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Did you know? Scott Avenue in Wellsville is named after Rufus Scott, Civil War hero

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Scott made the rank of Brigadier General, was a lawyer, held high public office, and was a ingenious businessman

As Brigadier General Jason Curl made history yesterday, a reader shared this story of another famous Brigadier General from Allegany County. Rufus Scott, was born in Friendship NY, graduated from an early incarnation of Alfred University, and became a celebrated solider in the Union Army during the Civil War.

After his military career, Scott made Wellsville his home and lived a life a public service and successful industry. The Allegany County Historical Society has this full biography of Scott on their website, AlleganyHistory.org:

“Rufus Scott spent his early years after the manner of thousands of other farmer boys. Attending the district school summer and winter until he was old enough to work on the farm, he afterward received the benefit of winter sessions only. ‘That he made good use of these restricted opportunities is proved by the fact that at the age of sixteen he was engaged to teach in the school where he had so easily outstripped his mates.

Brief periods of attendance at Alfred University and Friendship Academy, where he was both student and assistant teacher, were laying solid foundations for a thorough education, when Mr. Scott heard the call for volunteers at the opening of the Civil War. It will be remembered that President Lincoln’s proc­lamation calling for 75,000 men was issued April 15, 1861.  Early in May the name of Rufus Scott of Friendship was enrolled on the list of the 23d New York infantry for a possible period of two years.  Probably he had but faint premonition of the awful struggle that was to take place in that time, and did not dream that further service still would be re­quired.  Beginning as a private, he was promoted and commissioned major in the 130th New York volunteer infantry on August 22, 1862.  The regi­ment was transferred to cavalry in 1863, and named the 19th New York volunteer cavalry, and later the 1st New York dragoons. Major Scott was success­ively promoted to the rank of lieutenant colonel, brevet colonel, and brigadier general, and was in active field service during the whole of the war. He was wounded six times in battle – four times in the Shenandoah Valley campaign of 1864.  At the close of the war he was appointed captain of cavalry in the regular army, but declined the appointment.  It is an interesting coincidence that Mr. Scott’s funeral occurred on October 19, the anniversary of the battle of Cedar Creek, where he had command of his regiment.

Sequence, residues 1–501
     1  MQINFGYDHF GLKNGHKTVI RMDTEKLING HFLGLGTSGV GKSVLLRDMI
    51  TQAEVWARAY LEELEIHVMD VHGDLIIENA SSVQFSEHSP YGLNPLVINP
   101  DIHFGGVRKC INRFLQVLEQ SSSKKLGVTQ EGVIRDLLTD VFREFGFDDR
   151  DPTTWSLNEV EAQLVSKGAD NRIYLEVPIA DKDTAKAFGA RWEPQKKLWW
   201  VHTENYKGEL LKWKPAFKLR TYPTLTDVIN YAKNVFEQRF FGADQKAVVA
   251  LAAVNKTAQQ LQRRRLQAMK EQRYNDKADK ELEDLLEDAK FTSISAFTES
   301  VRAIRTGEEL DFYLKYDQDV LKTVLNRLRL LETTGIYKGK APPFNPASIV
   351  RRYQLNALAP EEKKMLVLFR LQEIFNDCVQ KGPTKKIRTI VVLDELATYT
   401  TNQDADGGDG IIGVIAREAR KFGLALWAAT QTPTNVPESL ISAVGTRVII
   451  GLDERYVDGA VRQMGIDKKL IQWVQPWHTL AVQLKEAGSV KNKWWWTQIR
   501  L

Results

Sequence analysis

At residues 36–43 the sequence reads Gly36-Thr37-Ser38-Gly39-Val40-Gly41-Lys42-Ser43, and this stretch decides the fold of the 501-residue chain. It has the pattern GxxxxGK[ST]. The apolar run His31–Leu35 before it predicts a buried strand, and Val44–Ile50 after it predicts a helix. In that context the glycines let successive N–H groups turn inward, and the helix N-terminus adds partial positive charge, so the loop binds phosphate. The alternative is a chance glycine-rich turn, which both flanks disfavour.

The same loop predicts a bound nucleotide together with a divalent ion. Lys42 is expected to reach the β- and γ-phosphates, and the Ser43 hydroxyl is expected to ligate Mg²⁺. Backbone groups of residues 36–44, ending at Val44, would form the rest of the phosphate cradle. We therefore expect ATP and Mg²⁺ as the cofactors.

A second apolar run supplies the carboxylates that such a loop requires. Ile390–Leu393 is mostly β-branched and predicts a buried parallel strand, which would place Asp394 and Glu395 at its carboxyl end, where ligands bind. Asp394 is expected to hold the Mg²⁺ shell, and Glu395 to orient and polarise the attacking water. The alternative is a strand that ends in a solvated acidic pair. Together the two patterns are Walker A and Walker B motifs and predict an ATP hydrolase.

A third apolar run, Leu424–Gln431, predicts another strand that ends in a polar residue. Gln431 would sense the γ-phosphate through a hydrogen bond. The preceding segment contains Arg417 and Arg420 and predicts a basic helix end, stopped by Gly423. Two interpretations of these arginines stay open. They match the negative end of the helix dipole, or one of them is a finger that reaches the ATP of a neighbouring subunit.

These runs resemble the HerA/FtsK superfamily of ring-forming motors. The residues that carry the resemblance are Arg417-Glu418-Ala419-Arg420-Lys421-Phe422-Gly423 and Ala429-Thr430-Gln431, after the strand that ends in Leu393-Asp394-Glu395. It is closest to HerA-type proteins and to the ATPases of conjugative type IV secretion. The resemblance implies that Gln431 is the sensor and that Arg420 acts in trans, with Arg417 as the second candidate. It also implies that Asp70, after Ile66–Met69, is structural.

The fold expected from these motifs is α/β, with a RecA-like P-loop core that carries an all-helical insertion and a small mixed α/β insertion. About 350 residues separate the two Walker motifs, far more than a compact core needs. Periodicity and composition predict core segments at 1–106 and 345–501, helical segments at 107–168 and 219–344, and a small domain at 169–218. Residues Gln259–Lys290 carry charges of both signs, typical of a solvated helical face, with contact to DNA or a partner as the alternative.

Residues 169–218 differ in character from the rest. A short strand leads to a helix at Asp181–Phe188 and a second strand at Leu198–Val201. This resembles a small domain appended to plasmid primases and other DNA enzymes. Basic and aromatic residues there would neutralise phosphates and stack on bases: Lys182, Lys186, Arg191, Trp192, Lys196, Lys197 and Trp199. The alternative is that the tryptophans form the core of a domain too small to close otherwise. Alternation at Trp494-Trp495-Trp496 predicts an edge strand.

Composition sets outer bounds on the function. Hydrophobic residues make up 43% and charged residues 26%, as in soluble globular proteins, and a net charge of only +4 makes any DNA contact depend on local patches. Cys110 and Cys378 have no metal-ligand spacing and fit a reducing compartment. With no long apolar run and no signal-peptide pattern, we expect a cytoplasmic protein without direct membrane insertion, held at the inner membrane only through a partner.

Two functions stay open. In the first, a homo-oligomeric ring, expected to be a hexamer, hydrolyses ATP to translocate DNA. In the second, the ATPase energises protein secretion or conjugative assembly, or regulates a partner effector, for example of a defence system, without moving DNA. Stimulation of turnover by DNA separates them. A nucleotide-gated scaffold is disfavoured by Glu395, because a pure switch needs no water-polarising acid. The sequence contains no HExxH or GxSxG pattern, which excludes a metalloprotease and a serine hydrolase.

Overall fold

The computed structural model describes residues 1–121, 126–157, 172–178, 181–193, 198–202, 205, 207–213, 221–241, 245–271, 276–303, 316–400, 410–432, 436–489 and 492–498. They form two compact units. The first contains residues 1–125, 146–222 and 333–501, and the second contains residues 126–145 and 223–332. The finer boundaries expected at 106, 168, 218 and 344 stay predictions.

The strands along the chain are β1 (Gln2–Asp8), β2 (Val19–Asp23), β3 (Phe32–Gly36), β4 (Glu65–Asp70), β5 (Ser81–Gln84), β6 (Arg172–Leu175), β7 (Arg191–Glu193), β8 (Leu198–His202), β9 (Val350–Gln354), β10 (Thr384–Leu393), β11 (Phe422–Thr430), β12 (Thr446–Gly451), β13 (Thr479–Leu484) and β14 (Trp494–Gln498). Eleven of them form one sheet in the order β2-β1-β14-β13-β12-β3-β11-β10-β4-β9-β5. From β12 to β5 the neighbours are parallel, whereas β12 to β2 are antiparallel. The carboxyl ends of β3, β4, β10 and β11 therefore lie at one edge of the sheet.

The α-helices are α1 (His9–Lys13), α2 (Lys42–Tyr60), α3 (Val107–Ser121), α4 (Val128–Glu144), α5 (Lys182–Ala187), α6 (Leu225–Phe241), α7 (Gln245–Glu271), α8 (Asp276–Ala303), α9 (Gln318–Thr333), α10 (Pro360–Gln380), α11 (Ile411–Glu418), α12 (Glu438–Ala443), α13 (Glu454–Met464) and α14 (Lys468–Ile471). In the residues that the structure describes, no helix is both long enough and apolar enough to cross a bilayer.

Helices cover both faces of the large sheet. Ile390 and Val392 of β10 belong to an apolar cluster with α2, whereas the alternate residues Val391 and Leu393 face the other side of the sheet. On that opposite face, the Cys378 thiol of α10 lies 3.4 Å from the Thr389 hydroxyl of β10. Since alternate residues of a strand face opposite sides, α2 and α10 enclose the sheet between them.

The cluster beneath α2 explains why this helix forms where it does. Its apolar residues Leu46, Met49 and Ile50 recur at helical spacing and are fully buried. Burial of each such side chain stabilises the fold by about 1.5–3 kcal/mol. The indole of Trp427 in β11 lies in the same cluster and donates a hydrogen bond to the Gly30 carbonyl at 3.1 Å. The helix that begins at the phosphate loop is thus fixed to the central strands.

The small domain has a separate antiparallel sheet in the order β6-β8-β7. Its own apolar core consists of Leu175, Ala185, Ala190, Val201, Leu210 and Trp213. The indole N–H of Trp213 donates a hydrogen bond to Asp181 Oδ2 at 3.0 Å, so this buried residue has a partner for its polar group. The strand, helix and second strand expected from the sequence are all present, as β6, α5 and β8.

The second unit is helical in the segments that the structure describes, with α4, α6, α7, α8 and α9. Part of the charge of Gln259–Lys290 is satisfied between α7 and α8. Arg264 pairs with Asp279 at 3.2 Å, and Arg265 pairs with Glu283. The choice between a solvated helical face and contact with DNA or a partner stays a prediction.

After his honorable discharge, Mr. Scott took up his residence in Belmont, N. Y., and began the study of law. He was admitted to the bar in 1866, and practiced in Belmont until 1883, when he moved to Wellsville, where he lived and practiced until his death.

From the year when, before his majority, he took the stump for Lincoln in Allegany county, Mr. Scott was an enthusiastic Republican.  He was much sought as a speaker in the campaigns of New York and Pennsylvania until he determined to abandon active politics. He held the office of supervisor four times, and that of district attorney twice, and was never defeated. Other public offices were ten­dered to him, but he declined to accept them.

Post war Scott

In 1881, on account of impaired health, and as a relief from constant professional work, Mr. Scott turned to oil operations. The Allegany oil field had then just been discovered, and his investments there met with uniformly good success. Opening anew the abandoned Waugh and Porter field, he developed it into a valuable property. He became one of the projectors of the Producers’ Oil Co., Limited, and the policy of the company was largely shaped by him. The same may be said of the kin­dred organization, the Pure Oil Co. He was vice president of the Producers’ Protective Association, and a member of its executive board. The “shut in movement” greatly interested him, and through its agency he saw between three and four million dollars of profits equitably and satisfactorily divided between capital and labor.

About twelve years ago Mr. Scott turned his at­tention to a languishing industry – the production of carbon black from natural gas. Assuming charge of the works at Allentown, N. Y., and Ludlow, Penn., he helped develop what has come to be regarded as an unrivaled carbon black, which commands its own market without competition. This product is known as the “Peerless Carbon Black.”

Mr. Scott was interested in all that pertained to the welfare of his neighborhood, and of Wellsville particularly. He often contributed editorials to the local papers, as well as letters over his own signa­ture on topics of current interest. He was a mem­ber of the local social organizations, and was associ­ated with the Episcopal church.

PERSONAL CHRONOLOGY— Rufus Scott was born at Friendship, N.Y.., October 8, 1838; was educated at Alfred University Friendship Academy; enlisted in the Union army in 1861, and served throughout the war; married Mary M. Axtell of Friendship November 12, 1864, was admitted to the bar in 1866; was district attorney of Allegany county, 1869-74; was a member of the Allegany County board of supervisors, 1861-62 and 1876-79; prac­ticed law at Belmont, N.Y., 1866-83, and at Wellsville, from 1883 until his death October 16, 1896.”

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